When Does 'The Crown' Season 3 Premiere? The Historical Drama Will Undergo Some Dramatic Changes During The Break

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Enthusiasts of the British royal family, Claire Foy's poised and icy stare, and historical binge-worthy dramas are getting an early gift this holiday season. Season 2 of The Crown premieres on Netflix on Dec. 8. Netflix's critically-acclaimed biographic series follows the life of Queen Elizabeth and her loved ones. And rabid fans will probably knock out within two days (and that's a generous estimate). So when will The Crown come back for Season 3?

Sad, but not entirely unexpected, news: it's likely going to be a full calendar year before you can get your next royal TV marathon on again. The first season premiered in early November of 2016, which means that by the time Season 2 premieres it will have been over a year since new episodes were last streaming. While Netflix hasn't announced a premiere date for the next season of the historical drama, you may want to mark your planners and cancel all plans for early December 2018, just to be safe.

When The Crown finally does return for Season 3, though, it'll look very different than prior installments. The idea, as Claire Foy told Vulture after Season 1, has always been to recast all the show's lead actors to keep up with the vast amount of time the plot will encompass. The replacement for Foy, who will play the part of the Queen through the end of Season 2, has already been announced.

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According to Entertainment Weekly, Olivia Colman will step into Foy's shoes for Season 3 and stay on through a fourth season as well. Colman won a Golden Globe last year for her role in The Night Manager and also starred alongside David Tennant in the crime drama Broadchurch. The new Prince Philip may have been cast already as well, according to some comments Matt Smith made on Late Night With Seth Meyers. “I don’t want to kind of speculate too much, but yeah he’s brilliant,” he said. “That’s if it’s the person that I think it might be, and he’s incredible."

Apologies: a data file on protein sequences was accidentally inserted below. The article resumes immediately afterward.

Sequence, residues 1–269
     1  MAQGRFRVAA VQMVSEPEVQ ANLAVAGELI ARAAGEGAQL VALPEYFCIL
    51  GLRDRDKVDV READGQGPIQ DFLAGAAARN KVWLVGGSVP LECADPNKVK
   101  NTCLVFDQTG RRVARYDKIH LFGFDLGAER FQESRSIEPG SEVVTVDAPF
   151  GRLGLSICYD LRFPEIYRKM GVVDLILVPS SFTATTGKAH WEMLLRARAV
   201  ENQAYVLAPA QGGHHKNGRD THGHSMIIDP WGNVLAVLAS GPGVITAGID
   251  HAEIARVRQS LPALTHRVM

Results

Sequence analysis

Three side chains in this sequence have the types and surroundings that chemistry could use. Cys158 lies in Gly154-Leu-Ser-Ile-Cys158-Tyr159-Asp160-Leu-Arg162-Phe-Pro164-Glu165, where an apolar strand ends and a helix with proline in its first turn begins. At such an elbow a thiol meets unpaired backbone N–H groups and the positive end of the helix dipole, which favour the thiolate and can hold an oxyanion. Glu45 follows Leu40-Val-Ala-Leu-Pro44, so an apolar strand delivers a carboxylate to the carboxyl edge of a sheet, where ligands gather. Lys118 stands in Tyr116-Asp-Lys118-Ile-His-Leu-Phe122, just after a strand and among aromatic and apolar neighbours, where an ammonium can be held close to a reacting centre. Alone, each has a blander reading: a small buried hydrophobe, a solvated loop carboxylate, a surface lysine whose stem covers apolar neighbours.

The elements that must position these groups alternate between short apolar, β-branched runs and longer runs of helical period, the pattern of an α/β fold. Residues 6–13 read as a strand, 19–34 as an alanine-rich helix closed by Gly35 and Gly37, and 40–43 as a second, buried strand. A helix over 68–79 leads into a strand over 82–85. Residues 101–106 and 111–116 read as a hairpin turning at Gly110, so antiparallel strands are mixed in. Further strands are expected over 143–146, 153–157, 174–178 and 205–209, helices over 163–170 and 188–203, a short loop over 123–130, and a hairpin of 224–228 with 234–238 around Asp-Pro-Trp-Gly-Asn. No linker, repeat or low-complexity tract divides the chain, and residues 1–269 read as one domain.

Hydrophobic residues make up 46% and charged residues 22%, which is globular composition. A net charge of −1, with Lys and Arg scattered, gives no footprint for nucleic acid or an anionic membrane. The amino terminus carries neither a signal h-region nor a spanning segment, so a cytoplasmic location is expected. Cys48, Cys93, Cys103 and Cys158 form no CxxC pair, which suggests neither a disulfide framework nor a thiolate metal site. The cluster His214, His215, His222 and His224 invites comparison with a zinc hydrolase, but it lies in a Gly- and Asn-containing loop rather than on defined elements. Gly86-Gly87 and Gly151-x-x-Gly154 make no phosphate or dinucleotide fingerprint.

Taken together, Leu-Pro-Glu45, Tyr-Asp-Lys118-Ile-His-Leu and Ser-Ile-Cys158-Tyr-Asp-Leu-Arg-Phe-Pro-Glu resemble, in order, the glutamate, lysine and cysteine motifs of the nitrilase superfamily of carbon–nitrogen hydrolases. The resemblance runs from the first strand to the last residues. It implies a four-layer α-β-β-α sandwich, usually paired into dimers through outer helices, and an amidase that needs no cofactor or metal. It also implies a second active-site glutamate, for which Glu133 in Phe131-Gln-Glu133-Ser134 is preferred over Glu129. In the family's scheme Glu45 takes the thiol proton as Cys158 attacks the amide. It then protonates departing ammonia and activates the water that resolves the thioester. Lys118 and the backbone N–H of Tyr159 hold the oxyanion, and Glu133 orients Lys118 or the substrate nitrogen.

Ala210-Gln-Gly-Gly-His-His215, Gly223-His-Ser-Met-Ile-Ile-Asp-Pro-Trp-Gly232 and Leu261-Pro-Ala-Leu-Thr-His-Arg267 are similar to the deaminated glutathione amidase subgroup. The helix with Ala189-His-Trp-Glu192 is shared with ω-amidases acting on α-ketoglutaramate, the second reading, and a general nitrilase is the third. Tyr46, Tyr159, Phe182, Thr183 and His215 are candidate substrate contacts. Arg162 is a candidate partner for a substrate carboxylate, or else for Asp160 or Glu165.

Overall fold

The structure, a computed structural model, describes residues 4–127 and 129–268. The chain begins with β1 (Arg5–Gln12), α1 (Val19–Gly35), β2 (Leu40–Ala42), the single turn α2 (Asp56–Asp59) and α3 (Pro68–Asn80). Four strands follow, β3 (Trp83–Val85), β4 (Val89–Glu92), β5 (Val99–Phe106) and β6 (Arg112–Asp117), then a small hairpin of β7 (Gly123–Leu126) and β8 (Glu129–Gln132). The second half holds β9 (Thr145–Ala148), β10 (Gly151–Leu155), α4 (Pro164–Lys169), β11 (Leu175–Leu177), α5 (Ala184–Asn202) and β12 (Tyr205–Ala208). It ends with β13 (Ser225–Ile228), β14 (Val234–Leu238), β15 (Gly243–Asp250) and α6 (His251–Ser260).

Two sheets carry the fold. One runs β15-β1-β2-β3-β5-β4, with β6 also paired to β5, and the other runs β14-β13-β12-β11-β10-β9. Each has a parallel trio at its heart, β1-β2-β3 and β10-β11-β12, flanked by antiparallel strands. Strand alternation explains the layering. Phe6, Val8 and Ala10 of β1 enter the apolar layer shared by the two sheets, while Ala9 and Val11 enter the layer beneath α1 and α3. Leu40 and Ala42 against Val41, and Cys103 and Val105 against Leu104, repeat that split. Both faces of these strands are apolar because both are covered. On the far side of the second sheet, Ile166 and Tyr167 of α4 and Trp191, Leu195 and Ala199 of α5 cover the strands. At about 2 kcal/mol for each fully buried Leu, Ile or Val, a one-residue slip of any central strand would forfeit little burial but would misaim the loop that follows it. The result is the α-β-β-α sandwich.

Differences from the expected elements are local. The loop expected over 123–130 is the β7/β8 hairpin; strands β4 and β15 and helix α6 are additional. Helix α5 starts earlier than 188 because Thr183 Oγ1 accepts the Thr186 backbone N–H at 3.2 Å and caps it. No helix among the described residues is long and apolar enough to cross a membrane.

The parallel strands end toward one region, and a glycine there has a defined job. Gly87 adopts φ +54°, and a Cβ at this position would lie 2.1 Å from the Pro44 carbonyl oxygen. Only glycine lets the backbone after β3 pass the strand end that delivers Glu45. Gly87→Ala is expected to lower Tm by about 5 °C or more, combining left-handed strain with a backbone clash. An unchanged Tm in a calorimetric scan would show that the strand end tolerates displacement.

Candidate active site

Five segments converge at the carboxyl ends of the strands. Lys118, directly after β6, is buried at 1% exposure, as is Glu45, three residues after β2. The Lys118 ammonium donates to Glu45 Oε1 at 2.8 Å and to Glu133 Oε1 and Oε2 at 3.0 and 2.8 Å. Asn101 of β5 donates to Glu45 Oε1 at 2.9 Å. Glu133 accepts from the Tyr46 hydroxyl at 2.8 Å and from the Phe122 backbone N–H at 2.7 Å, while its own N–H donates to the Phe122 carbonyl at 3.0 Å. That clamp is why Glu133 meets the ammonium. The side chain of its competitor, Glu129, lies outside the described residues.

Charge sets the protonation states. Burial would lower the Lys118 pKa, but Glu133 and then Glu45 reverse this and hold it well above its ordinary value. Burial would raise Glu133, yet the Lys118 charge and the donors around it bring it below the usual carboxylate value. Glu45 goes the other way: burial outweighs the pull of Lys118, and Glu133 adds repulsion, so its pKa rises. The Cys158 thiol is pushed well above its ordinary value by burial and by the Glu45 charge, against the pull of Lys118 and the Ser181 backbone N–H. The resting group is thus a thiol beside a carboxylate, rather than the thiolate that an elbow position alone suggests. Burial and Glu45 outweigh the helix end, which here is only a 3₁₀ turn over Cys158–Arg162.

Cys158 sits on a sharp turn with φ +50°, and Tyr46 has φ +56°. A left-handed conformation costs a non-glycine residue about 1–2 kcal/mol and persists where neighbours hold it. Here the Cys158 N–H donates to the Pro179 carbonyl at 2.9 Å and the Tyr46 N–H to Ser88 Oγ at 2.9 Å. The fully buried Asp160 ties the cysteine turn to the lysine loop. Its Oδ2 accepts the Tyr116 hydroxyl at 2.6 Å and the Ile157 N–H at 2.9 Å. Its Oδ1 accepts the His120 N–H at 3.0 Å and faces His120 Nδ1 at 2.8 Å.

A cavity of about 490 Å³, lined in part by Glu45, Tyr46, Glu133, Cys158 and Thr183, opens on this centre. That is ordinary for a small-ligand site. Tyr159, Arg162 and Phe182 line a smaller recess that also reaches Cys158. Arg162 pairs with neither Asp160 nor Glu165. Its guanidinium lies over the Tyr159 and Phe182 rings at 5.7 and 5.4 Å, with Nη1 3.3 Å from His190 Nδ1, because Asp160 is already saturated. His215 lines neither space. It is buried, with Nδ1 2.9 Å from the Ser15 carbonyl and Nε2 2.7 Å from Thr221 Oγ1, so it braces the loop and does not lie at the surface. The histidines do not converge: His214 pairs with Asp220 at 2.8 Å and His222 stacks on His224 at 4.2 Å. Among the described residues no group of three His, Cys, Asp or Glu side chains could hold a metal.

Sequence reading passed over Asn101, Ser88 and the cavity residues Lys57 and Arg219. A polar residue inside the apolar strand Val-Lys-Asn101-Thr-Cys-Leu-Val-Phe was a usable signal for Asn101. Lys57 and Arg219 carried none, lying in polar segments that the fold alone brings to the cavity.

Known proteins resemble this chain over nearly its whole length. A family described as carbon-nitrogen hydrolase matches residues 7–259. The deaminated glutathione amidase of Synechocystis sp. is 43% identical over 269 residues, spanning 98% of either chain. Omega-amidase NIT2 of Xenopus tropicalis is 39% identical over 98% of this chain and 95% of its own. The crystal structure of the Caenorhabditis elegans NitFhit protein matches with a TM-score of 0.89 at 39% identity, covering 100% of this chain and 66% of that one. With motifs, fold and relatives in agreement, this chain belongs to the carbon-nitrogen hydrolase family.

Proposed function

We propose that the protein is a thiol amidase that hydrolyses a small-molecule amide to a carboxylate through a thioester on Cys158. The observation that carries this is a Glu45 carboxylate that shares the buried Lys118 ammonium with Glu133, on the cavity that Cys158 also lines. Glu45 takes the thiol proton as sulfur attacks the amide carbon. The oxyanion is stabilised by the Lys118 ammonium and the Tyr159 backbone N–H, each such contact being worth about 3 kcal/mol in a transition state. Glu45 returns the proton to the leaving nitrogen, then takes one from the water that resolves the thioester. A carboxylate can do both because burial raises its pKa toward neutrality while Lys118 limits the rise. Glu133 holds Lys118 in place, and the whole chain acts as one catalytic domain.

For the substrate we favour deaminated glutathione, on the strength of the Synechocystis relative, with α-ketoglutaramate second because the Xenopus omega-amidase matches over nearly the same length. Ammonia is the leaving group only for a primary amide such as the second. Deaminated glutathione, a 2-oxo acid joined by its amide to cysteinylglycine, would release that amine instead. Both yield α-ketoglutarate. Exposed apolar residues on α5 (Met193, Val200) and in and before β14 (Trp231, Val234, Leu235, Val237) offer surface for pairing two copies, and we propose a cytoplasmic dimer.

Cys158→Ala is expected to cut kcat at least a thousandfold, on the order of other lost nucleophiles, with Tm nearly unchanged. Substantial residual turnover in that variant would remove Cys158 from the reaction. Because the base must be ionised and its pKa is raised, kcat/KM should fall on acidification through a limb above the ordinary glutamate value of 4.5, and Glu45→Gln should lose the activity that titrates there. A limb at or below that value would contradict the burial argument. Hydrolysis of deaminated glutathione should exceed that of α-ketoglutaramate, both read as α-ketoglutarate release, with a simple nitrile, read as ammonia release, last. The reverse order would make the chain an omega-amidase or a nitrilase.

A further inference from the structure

Apparently, the actors have known all along that recasting as the show continued was a part of the plan. "After two seasons, that’s it. I’m gone. They're getting rid of all of us," Foy told Vulture in the same interview. "I don't how they're planning on doing it, but they're such an incredible bunch of directors and producers that it's gonna be different and exciting. It'll be original. I can’t wait to see where it goes. I’m so honored to have been involved at this stage. I couldn’t be happier really."

Colman and Foy share some of the same physical features and characteristics. And with the show's flawless hair, makeup and wardrobe, there's no telling how seamless this transition could prove to be.

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Who exactly will step in to play the other main roles, such as Philip and Princess Margaret, the Queen's sister (currently played by Vanessa Kirby), remains to be shared, but these are not the only cast changes viewers can expect before the show ends for good. Netflix is planning for the show to run six seasons, according to The Hollywood Reporter. "The idea is to do this over six decades, in six seasons presumably, and make the whole show over eight to 10 years," Ted Sarandos, chief content officer at Netflix, said last year at a panel, according to the outlet.

As The Crown only stuck with its original cast for the first two seasons, it's likely that they'll recast an older actress to play a more modern Queen Elizabeth when Colman's tenure is up, presumably after Season 4. Creator Peter Morgan has always said that he planned to recast if the show progressed into later seasons, telling Variety last year that he felt it'd be more authentic to proceed that way.

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"They would look ridiculous [if we aged the actors with makeup]. It would be wrong," he said. "What’s so beautiful about Claire is her youth. You can’t ask someone to act middle-aged. Someone has to bring their own fatigue to it. The feelings we all have as 50 year olds are different than the feelings we all have as 30-year-olds. That informs everything we do."

Audiences will miss Foy — her portrayal of Queen Elizabeth has been both vulnerable and unwavering, bringing humanity to a woman who has often seemed more myth than reality. Colman is up to the task, though. And Season 4 of The Crown, whenever it arrives, will likely be both a continuation of a compelling historic narrative and an interesting experiment in recasting iconic roles.